Reef Check is currently running a Kickstarter campaign to raise the funds needed to reach remote areas of the California coast for monitoring. Please consider donating to our 2016 Assessment of California’s Remote Marine Ecosystems.
Click here to donate:
For more information on the expeditions:
Big Sur: http://reefcheck.org/eco-expeditions#2
Channel Islands: http://reefcheck.org/eco-expeditions#5
In 2015, Reef Check California launched two successful Marine Ecosystem Assessments – the Channel Islands and the Big Sur coast. These multi-day expeditions were part of a sustained effort by Reef Check California for the long-term monitoring of these unique coastal ecosystems. The data we collected is publicly available on Reef Check’s Global Reef Tracker for scientists, marine managers and the general public to use.
This year we plan to return to these sites to measure differences in marine life, to ascertain what trends are occurring and what steps need to be taken to protect these remote ecosystems. We will lead two teams of trained volunteer citizen scientists to scuba dive and survey fish and other species using scientific protocols that are integrated with studies being done throughout the rest of California. The Channel Islands and Big Sur coast together represent 275 miles of some of the most undeveloped areas of coastline in the state. These areas are located where cool nutrient-rich waters provide an environment for a variety of endangered species, thriving kelp forests and sensitive habitats not found anywhere else along the California coast. The remoteness of these areas puts them out of reach of polluting industries and human population centers, but also makes it difficult for scientists to study and manage.
In this era of global environmental stressors like ocean acidification, rising sea temperatures and the vast reach of plastics pollution, the knowledge of what changes are occurring is key to successfully adapting management and conservation actions to protect these rich habitats. In 2015, we documented trends that were both alarming and encouraging. In Big Sur, we found evidence that populations of recovering fish stocks were doing better inside the three Marine Protected Areas (MPAs) along the coast. But we also documented the decline in sea stars due to Sea Star Wasting Disease and an associated increase in purple urchins – which are voracious grazers of kelp forests. The trend was most pronounced outside of MPAs, evidence that these underwater parks are successfully protecting biodiversity.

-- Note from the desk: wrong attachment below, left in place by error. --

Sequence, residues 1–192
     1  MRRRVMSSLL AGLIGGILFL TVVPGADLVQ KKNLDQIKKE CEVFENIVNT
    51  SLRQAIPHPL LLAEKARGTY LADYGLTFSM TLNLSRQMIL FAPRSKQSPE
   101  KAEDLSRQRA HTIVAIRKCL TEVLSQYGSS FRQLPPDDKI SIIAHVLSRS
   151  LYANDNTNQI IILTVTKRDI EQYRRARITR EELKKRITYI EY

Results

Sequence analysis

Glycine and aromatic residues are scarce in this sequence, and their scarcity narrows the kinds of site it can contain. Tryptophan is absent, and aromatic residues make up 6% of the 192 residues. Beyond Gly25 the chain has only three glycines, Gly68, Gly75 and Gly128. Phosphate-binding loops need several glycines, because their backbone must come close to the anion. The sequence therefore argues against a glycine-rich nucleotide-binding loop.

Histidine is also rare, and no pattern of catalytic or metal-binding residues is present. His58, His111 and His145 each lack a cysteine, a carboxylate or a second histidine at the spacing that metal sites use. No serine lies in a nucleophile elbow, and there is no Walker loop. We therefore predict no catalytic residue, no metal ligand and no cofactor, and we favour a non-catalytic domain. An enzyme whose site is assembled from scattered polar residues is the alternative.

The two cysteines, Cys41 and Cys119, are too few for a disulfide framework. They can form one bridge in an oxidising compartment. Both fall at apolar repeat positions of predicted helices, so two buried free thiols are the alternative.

This year, we need to go back to these sites to see if these trends of decreasing sea stars, increasing urchins and associated decrease in kelp forests that we have observed in the other parts of the state are occurring here and to what extent. On Santa Cruz Island we saw a big increase in the number of crowned urchins, a species that is normally found in greater numbers in warmer water to the south. Their spread is likely related to the recent warm water along the California coast. At Scorpion Anchorage, which has been an MPA since 2003, we found giant kelp has returned and the urchin barren that has been there since we first started monitoring in 2008 is gone. At other sites on the islands outside of MPAs, urchins have increased. These trends and more can be viewed on our Global Reef Tracker.
Our goal for this survey season is to go back and document what further changes have occurred in the past year, which has been one of the strongest El Niños in history. At each place we anchor, a team of roughly two dozen volunteer scientific divers will enter the water, and using well established scientific protocols, will count fish, invertebrates and kelp to come up with a comprehensive picture of the status of marine life in these remote areas.
Kelp forests are critical ecosystems along California's coastlines and provide food, shelter and oxygen for hundreds of species, including humans. These ecosystems are changing due to rising ocean temperatures, invasive species, marine diseases and other environmental stressors. This project aims to address these issues by collecting data that will be added to previous years' information so that fisheries managers, researchers and the public can have the scientific information they need to protect these precious habitats.